Gravity: The force that pulls bodies to the center of the earth.
Earth: Terra firma that we dig holes into so we can lower caskets towards the center of the planet, and say proper words as we fill up the holes with dirt. Solemn words spoken with what else? gravity.
From this place nothing returns.
Oh, Death where is thy sting?
Mark Fletcher learned about the sting on Laurel Street Bridge. June 1986. Four PM.
He was dating Gina, the nutty Napolitano he’d caught nude descending the dormitory staircase after an encounter with an unexpected cold shower. “Jesus! Doesn’t anything work in this place? What the hell…my parents pay good money for a private room and there’s no hot water? What’s next? Gruel in the cafeteria? Well, don’t just stand there, jock-strap, can’t you see I’ve got goose pimples and I’m locked out?”
He could see she needed romance. Quiet walks on the beach at sunset. Gallons of Chianti. Afternoon strolls around the lily pond in downtown San Diego’s Balboa Park.
The bridge was the last leg of their journey to Mark’s Subaru, and the babbling brunette was in the middle of a rant about professor Durning dinging her two points for a misplaced comma. Mark had tuned her out, although he occasionally nodded politely and said, “Yeah,” when she paused for a breath, and turned his attention to the other people on the bridge: a black woman ahead who was pushing a stroller, and two Navy guys in white uniforms. And the scarecrow coming towards them, the weirdo with long hair and wearing jeans and a tee-shirt two sizes too big.
Mark moved to Gina’s right so he’d be between her and the guy when he passed them, watching the guy closely. Was his wary stare threatening? Did positioning himself as a buffer appear menacing?
“No! No!’ he yelled when the man scaled the safety fence. He took off running towards the spidery climber. “Don’t do it!” Below, the freeway was clogged with eight lanes of commuting cars. He jumped up to grab a leg—a foot—but the man reached the top, standing tall like an athlete readying for a dive. Gina screamed. The sailors rushed across the street and the black woman stopped and turned around, paralyzed, shading her eyes with her hand. Five strangers who became an ad hoc rescue team, transformed into an instant audience for a spectacular, flawlessly executed swan dive.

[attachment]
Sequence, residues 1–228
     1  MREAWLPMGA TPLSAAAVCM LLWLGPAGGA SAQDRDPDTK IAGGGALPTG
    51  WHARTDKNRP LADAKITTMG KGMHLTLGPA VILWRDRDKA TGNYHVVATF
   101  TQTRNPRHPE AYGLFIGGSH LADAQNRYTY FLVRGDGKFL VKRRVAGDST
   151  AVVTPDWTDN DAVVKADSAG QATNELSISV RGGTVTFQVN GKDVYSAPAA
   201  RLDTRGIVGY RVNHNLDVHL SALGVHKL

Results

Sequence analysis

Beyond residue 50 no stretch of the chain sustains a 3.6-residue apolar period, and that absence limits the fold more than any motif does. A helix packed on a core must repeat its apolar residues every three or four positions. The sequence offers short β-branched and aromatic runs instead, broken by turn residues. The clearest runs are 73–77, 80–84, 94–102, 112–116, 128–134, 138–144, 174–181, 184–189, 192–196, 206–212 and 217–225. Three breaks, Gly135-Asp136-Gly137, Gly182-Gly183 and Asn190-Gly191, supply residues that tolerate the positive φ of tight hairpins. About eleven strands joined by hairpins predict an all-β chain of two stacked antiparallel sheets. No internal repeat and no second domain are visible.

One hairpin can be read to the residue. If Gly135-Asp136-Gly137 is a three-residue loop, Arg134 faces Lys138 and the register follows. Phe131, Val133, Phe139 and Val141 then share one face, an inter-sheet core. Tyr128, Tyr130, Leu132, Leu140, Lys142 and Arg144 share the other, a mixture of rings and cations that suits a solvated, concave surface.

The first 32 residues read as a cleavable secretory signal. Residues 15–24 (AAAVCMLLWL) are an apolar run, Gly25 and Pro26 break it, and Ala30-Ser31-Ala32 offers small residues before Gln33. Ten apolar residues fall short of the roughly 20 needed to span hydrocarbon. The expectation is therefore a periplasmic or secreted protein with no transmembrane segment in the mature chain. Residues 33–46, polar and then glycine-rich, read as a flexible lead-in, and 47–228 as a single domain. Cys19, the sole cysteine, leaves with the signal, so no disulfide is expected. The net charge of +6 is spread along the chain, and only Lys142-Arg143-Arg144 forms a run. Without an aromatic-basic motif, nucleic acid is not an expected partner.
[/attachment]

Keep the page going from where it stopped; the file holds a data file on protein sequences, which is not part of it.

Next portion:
Gina ran to Mark whose fingers were locked around the chain link so tightly the sailors had to pry them loose. “Did you see that?” Mark whispered to them. It was a stupid question. Yet, maybe he’d imagined it.
“Yeah, I saw. I’ll never forget it either,” the tall sailor said. The shorter one had his arm around Gina’s shoulder. She was crying into his body. The black woman approached them slowly, wiping tears from her cheeks.
“Oh my God,” she said as she peered over the side. Sirens screamed louder. The sailors and the women formed a semi-circle around one of the cement lampposts. Mark staggered to the edge of the sidewalk and sat down, his legs extended, his face buried in his arm.
Maybe that’s why the squad car didn’t slow down. The officer said he wasn’t sure if the jumper was a suicide or a murder victim. He kept his eyes trained on the people semi-circle. Had they cornered someone? It was a freak accident. He’d raced towards them, running over Mark’s legs, pinning him between the wheel and the curb, severing the femoral artery.
The sailors used their neckties as tourniquets. The cop called for en EMT. A baby’s blanket cushioned Mark’s head. And Gina…she stared at the traffic snarl below. Headlights, like a lighted snake, inched by the circus vehicles parked along the freeway. A black SUV with a shattered windshield was being loaded on a tow truck-bed. She stared into the hole in the ground as Mark’s casket mechanically descended towards the center of a rain-soaked earth. And the black woman struggled to push a stroller through the cemetery grass sprinkled with fallen leaves.